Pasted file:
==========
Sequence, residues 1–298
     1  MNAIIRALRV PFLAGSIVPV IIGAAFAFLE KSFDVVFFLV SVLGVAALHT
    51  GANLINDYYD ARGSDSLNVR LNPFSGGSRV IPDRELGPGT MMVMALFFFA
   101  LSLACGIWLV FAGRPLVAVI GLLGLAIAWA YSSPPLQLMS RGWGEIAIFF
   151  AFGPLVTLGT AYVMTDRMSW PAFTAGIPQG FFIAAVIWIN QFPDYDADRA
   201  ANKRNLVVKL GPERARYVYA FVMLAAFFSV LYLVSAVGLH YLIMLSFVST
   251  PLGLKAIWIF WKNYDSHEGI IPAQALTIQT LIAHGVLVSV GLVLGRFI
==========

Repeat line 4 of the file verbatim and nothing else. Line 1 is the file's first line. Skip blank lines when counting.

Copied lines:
   101  LSLACGIWLV FAGRPLVAVI GLLGLAIAWA YSSPPLQLMS RGWGEIAIFF